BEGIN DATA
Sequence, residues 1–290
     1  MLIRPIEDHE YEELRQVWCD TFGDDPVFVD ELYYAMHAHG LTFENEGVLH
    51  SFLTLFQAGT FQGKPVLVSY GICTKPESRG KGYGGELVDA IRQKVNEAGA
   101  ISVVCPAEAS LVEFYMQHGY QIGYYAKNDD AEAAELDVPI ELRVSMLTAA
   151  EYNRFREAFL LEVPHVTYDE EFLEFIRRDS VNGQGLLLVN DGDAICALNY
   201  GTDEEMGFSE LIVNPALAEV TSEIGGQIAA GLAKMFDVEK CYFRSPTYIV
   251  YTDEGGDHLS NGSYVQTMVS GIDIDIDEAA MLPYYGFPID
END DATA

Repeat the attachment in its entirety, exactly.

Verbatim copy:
Sequence, residues 1–290
     1  MLIRPIEDHE YEELRQVWCD TFGDDPVFVD ELYYAMHAHG LTFENEGVLH
    51  SFLTLFQAGT FQGKPVLVSY GICTKPESRG KGYGGELVDA IRQKVNEAGA
   101  ISVVCPAEAS LVEFYMQHGY QIGYYAKNDD AEAAELDVPI ELRVSMLTAA
   151  EYNRFREAFL LEVPHVTYDE EFLEFIRRDS VNGQGLLLVN DGDAICALNY
   201  GTDEEMGFSE LIVNPALAEV TSEIGGQIAA GLAKMFDVEK CYFRSPTYIV
   251  YTDEGGDHLS NGSYVQTMVS GIDIDIDEAA MLPYYGFPID